How to Save Money as a Student with a Tablet PC

The times they are a-changin’.

This post seems to be older than 15 years—a long time on the internet. It might be outdated.

From The Student Tablet PC:

In the course of four semesters, assuming a tablet costs ~$200 more than a similarly equipted notebook, the tablet will break-even or save you money. This is not including productivity gains.

Let’s do some math. In the course of 2 years taking an average or 4 classes or so per semester:

  • 4 semester x 4 Spiral Notebooks, $6 x 4 = $24
  • Pens/Pencils/Highlighters, $5 x 4 = $20
  • 4 semseters x 4 Binders, $12 x 4 = $48
  • 2 years of binder separators tabs and folders, $102 Ink cartriges of printing, $70
  • Loose paper (printing and lined), $10
  • 2 years x Quality academic planner, $20

Grand total after 2 years: $202

You can see the numbers I used are about average, so anything high quality or extra will just increase the cost. If you take more than 4 classes, that’s just more to spend.

I’ll probaby spen $40 on papers, pens, printer ink over 2 years and I take 5-6 classes per semester.

So if you’re looking for a laptop and X’ed tablet PCs because of the price jump, now’s time to take another look.

I would argue that you could save even more. How? Books. You can easily spend $600 on books per semester. Yes, you can resell them at the end and maybe get half of what you spent on them back. At least at my school, there are copies of the books floating around school, either the library has them or the department has them. If that fails, you can either borrow them from a friend or, as a last resort, buy them from the bookstore and return them when you’re done scanning. In any event, just go borrow it for a few hours and go on a massive scanning binge. Voila! Scanned books in whatever format you choose. Personally, I would go for the Microsoft Document Image format. It’s pretty portable and you can mark it up.

At this point, I may have convinced you that you can save money, but how much money can you save? I’ll be honest, I dropped about $2200 on my Tablet. But that’s the price for getting one early in the game. Toshiba sells their Satellite R10 for a mere $1,189. Granted, it’s bottom of the line. But it’s a Tablet and it works. Now personally, I would spring for the Toshiba Tecra M4 ($1,614) or even my Portege M200, now selling for a lowly $1715. Spending $600/semester, you can “pay it off” in under three semesters (1.5 years)!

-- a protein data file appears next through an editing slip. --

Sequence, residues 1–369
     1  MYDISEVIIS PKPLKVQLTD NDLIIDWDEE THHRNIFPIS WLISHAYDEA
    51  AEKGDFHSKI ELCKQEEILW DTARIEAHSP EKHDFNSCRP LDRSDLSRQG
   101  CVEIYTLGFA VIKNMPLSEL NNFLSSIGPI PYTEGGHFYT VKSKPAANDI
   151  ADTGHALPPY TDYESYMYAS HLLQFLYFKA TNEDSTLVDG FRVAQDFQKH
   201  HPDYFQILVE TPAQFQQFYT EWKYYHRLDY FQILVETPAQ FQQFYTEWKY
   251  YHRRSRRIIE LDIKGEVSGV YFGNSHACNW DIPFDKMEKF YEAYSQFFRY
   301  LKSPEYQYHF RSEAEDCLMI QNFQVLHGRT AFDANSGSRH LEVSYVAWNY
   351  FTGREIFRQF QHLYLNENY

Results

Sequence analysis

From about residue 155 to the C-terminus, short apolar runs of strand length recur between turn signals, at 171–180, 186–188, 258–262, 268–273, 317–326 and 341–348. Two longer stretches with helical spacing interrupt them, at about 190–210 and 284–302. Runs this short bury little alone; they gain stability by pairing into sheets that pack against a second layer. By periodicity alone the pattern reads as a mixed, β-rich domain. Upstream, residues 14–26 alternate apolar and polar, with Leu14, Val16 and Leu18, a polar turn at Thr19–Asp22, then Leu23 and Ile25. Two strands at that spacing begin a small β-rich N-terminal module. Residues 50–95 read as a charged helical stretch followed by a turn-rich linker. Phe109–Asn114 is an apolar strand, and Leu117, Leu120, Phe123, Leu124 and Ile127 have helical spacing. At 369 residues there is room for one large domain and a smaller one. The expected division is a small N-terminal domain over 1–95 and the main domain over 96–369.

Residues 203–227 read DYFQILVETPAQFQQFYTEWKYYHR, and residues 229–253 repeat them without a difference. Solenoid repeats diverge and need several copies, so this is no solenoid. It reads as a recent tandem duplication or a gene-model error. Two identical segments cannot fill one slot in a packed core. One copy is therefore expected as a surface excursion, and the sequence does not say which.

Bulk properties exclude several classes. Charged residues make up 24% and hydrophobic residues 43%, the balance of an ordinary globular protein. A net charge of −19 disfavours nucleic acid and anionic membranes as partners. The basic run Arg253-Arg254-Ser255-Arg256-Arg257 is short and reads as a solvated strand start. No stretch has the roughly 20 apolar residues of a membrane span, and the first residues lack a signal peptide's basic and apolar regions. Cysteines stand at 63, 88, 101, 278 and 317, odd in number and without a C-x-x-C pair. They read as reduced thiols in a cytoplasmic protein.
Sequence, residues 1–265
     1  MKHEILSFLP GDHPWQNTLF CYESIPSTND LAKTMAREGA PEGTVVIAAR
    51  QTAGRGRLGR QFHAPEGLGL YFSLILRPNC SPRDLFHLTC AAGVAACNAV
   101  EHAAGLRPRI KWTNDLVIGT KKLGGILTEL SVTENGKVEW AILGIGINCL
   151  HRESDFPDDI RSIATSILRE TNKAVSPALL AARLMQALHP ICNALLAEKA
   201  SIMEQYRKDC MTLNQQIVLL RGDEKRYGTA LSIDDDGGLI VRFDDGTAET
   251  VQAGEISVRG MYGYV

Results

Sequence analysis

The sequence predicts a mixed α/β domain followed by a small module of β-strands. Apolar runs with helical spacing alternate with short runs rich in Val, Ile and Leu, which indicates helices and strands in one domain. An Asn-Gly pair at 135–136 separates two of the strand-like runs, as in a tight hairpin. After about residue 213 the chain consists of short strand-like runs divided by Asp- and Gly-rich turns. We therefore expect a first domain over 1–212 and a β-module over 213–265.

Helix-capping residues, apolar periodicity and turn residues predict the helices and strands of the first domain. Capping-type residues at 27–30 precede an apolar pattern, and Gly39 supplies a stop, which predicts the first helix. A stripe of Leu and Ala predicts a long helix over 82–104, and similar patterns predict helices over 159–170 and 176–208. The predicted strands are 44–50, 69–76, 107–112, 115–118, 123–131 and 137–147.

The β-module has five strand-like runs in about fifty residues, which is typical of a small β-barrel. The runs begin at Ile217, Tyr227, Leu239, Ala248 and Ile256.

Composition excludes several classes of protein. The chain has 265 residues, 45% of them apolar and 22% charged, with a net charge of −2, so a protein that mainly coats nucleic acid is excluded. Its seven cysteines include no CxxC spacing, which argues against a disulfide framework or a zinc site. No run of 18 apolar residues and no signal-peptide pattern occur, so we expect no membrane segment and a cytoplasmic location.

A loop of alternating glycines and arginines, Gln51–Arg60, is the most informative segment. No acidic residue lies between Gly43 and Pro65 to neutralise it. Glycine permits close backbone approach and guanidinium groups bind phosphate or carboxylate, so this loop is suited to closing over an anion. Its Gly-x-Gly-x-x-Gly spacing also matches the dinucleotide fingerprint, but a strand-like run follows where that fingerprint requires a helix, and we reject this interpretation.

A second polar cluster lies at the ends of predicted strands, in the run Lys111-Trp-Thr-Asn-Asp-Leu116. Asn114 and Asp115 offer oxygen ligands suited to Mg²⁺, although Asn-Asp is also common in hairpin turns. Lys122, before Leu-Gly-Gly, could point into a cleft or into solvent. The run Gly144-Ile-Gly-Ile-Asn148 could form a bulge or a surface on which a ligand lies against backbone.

6 thoughts on “How to Save Money as a Student with a Tablet PC”

  1. Here’s my math:

    6 classes a semester.
    * 6 semester x 6 Spiral Notebooks, $9 x 6 = $54
    * Pens/Pencils/Highlighters, $0 x 6 = $0
    Use free pens, no highlighters or pencils
    * 6 semesters x 0 Binders, $12 x 0 = $0
    Use your desk space and drawers for storing paper
    * 2 years of no binder separators, tabs, nor folders, No Ink cartridges for printing, $0
    Ask your friends to print or use quota at the library, no binders, so no separators
    * Loose paper (printing and lined), $0
    No binders to put loose paper in, no paper to buy
    * 2 years x No academic planner $0
    Academic planner? You’re kidding me

    Grand total? $54. Now with a Tablet, you’ll also have to print things out, so actually that’s an additional cost (if you go my way, since I won’t be printing out problem sets; if you use your own printer, you still need to buy ink, so thats $104 less)

    Lets also factor in repair costs and durability.

    Paper and pen chance of breaking: Very Low
    Tablet chance of breaking: Very High

    Cost of repair?

    P and P: Negligible, just start a new sheet
    Tablet: Probably >$100

    Lose your work somewhere? Leave it on the bus/subway? With paper you’re out the time and about 5 cents. With a Tablet you’re out the time and about 1500 dollars.

    Sorry, but a Tablet just doesn’t measure up to the old standards as an economic or practical choice.

  2. That’s a great post, Andrew. I agree that tablet pc’s are well worth the money. I too have invested in a tablet (Fujitsu Lifebook T4010D).

    I mean no harm to Alec; I find this a great opprotunity to elaborate on the value of a tablet pc. I was amused by the reply from Alec because it reminded me of my days (before buying a tablet) when I was so disorganized and couldn’t even find a pen to use when I needed one (let alone a written note from earlier in a semester).

    The value of the tablet pc goes beyond its price or resell value. The value is in the ability to be organized, have all of your notes in one place. Search your notes for anything you’ve ever written and find every entry satisfying your search in a seconds time. Password protect your notes. E-mail your notes. Take all of your notes, text books, music, pictures, movies, games, files and more with you all packed into a portable lightweight computer (mine is only about 3.5 pounds).

    It makes me laugh to think of Alec running around with a backpack full of all the things that could otherwise fit in a tablet (books, notes, cd’s, dvds, gaming cds, picture albums, calculator, bank statements, cell phone…). Tablet pc’s offer a convenience that is well worth the price.

    But, if Alec would rather lug around his fifty pound sack of stuff, or leave things back home and wish he had access to them while away, or search through his notes frantically throughout each semester, well, to each his own.

    You can find me and other tablet information on my weblog: Inklings and Impressions

  3. Pingback: The Student Tablet PC: Tablet PCs Save Students Money

Comments are closed.